I'd stayed pretty limber with the figure-drawing, but years of tattooing had atrophied my ability to work in prespective. Backgrounds were *hard*. And when I finally did get it right, they were boring. Boring, boring, booooring, Sidney. Boring.

Mister Clever that I was, I'd found the perfect solution: I set the whole story in a hotel room. A dark hotel room. Ha! Atmosphere! Ha, shadows! Ho ho ho, no one will know!

By then I was a hundred sixty pages in, three and a half years of work by that point, and it was awful. Really, truly, world-class awful. Not I'll-get-better awful, not I-hate-my-hair-this-morning-and-all-my-work-too awful. But just, honestly, flat and dull and (shudder) boring.

I'd taken the lazy approach to setting, and been given the lazy man's payment. In the end, I sucked it up and spent a couple months retraining in perspective drawing. I threw out all but five pages of that work and reframed the story so that those first 150+ took place in six pages. Six. Took me less than a week.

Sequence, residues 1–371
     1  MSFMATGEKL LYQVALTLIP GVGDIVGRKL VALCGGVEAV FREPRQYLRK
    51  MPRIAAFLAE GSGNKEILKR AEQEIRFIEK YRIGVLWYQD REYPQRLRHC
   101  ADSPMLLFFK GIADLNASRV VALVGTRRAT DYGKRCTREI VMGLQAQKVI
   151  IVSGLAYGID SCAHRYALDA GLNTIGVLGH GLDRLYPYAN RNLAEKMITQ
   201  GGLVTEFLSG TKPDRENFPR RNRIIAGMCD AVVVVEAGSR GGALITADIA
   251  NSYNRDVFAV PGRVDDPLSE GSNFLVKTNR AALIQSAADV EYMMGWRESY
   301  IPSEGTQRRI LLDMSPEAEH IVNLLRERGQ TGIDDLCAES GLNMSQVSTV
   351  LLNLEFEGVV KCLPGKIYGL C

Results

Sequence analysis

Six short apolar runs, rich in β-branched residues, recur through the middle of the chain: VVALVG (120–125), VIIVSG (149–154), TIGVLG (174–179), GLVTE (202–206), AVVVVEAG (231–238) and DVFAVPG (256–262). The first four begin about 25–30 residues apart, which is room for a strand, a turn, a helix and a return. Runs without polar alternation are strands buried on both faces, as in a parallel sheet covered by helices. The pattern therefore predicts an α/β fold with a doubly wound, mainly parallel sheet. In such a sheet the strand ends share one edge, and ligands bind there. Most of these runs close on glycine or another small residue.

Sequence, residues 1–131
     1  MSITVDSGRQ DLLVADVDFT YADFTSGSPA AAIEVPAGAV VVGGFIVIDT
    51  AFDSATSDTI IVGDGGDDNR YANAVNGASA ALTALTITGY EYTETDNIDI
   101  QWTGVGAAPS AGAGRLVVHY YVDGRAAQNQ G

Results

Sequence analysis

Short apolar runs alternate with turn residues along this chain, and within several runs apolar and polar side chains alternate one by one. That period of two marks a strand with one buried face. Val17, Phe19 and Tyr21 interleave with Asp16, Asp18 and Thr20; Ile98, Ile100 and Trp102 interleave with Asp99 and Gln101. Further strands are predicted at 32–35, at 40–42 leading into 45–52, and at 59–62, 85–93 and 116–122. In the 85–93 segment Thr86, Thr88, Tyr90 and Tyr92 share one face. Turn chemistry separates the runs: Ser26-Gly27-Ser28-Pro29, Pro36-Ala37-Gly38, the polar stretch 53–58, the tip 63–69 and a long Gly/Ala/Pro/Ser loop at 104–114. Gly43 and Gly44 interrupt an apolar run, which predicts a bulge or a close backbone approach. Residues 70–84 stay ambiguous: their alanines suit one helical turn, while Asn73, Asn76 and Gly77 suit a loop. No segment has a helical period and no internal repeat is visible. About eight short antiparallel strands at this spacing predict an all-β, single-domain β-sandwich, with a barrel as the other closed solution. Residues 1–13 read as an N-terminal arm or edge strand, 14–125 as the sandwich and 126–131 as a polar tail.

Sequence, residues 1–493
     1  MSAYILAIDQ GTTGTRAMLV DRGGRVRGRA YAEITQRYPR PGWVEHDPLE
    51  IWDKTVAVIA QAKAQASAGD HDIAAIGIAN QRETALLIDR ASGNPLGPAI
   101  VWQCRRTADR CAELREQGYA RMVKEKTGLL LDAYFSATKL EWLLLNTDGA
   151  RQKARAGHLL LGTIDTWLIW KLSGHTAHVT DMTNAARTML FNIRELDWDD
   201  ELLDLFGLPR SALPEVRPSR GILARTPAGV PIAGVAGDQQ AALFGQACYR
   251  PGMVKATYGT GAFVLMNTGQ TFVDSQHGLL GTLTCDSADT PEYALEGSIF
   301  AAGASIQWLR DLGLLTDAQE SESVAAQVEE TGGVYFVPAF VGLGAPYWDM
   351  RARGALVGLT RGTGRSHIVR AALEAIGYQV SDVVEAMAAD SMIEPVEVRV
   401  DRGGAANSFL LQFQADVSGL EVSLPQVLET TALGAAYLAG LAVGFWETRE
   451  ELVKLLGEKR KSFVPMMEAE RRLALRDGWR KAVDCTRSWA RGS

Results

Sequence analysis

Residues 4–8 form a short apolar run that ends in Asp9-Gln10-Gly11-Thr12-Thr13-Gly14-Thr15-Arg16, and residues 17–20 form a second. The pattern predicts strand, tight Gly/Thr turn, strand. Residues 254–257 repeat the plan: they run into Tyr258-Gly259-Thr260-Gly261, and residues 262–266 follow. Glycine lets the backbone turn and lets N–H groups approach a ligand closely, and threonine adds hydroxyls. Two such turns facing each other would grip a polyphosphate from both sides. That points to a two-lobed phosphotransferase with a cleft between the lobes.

And those pages were heavy on atmosphere. They were invested with a sense of place. They could have been set anywhere, but I chose a place and a time of year that spoke to me of second chances and new beginnings, of a fresh clean world and the possiblity of redemption.

I closed my eyes and drew Minnesota.

7 comments:

Charles Gramlich said...

John D. MacDonald is certainly a great illustration of your points. You always feel the setting behind his stories, even if the conflict could be anywhere. It's three dimensional rather than two. James Lee Burke has the same ability.